Writing in the current issue of the Atlantic under the stark headline End Times, Michael Hirschorn warns that the newspaper industry’s transition to a digital business model will be neither smooth, comfortable nor leisurely.
2009 is shaping up to be a pivotal year for the industry as it contends with shrinking advertising revenues in its print editions, the migration of readers to the internet, high debt loads and the sudden onset of a global economic recession.
Hirschorn regards the position of the New York Times as particularly perilous, as the company needs to find US$400 million by May in order to avoid defaulting on part of its US$1 billion debt load.
Not everyone agrees that the Times situation is quite so dire. But Hirschorn still makes some interesting conjectures on how newspapers such as the Times can best succeed in a post-print world:
Selling off assets would gain some breathing space, but Hirschorn suggests there’s a slim chance the Times might be forced this year to close or severely curtail its print editions in favour of a web-only news service. And what might that look like?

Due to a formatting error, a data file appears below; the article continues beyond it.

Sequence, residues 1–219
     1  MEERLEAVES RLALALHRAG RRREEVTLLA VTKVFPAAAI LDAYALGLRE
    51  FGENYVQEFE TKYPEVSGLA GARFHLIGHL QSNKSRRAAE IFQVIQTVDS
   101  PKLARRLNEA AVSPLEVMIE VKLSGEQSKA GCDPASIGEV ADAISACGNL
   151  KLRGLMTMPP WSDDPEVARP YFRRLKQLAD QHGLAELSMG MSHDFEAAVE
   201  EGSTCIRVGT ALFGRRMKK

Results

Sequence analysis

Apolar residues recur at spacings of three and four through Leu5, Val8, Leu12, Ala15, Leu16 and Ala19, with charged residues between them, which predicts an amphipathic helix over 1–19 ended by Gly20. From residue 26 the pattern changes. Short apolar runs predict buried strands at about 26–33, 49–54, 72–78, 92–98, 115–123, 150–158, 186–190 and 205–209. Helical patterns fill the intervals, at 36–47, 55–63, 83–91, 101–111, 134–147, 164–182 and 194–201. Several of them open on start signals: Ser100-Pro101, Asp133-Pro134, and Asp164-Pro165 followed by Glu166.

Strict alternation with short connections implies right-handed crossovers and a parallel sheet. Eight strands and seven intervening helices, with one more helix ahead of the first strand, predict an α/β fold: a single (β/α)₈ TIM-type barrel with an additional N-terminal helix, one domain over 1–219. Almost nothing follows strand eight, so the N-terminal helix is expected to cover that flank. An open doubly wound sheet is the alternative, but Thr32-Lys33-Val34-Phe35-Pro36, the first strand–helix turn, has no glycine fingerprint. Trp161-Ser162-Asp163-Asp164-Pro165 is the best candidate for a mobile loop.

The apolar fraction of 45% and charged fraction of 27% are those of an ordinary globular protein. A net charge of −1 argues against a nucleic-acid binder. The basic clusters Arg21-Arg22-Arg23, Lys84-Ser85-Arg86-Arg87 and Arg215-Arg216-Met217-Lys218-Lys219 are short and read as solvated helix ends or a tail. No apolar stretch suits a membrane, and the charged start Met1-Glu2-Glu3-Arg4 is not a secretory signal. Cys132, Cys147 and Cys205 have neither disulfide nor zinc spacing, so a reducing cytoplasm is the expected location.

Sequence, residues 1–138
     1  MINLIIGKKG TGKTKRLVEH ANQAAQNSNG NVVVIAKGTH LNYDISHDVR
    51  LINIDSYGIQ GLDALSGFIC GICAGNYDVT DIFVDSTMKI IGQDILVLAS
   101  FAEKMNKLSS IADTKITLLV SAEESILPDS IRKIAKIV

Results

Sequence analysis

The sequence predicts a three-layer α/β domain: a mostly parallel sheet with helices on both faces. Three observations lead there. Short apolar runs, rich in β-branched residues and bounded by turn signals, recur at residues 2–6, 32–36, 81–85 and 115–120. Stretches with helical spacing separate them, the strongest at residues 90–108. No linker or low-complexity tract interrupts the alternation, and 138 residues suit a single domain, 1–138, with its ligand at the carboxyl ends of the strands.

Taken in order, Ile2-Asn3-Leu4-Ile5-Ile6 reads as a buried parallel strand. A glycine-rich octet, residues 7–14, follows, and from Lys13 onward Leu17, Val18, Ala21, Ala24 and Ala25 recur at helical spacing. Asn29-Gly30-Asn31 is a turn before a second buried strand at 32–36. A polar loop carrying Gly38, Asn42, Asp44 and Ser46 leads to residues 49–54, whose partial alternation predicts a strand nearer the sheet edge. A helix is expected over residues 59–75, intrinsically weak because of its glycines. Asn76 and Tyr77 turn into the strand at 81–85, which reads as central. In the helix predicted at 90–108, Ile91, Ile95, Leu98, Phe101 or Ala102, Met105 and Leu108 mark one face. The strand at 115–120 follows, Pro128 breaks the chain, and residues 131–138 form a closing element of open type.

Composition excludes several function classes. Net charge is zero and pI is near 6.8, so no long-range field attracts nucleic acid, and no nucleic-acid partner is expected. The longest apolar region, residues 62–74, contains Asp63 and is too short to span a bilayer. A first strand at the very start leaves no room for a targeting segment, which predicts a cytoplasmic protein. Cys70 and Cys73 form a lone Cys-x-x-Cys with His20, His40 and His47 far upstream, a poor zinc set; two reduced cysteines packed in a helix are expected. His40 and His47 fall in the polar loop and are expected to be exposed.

Forced to make a Web-based strategy profitable, a reconstructed Web site could start mixing original reportage with Times-endorsed reporting from other outlets with straight-up aggregation. This would allow The Times to continue to impose its live-from-the-Upper-West-Side brand on the world without having to literally cover every inch of it. In an optimistic scenario, the remaining reporters—now reporters-cum-bloggers, in many cases—could use their considerable savvy to mix their own reporting with that of others, giving us a more integrative, real-time view of the world unencumbered by the inefficiencies of the traditional journalistic form. Times readers might actually end up getting more exposure than they currently do to reporting resources scattered around the globe, and to areas and issues that are difficult to cover in a general-interest publication.
Hirschorn says the Times website “would begin to resemble a bigger, better, and less partisan version of the Huffington Post, which, until someone smarter or more deep-pocketed comes along, is the prototype for the future of journalism: a healthy dose of aggregation, a wide range of contributors, and a growing offering of original reporting.”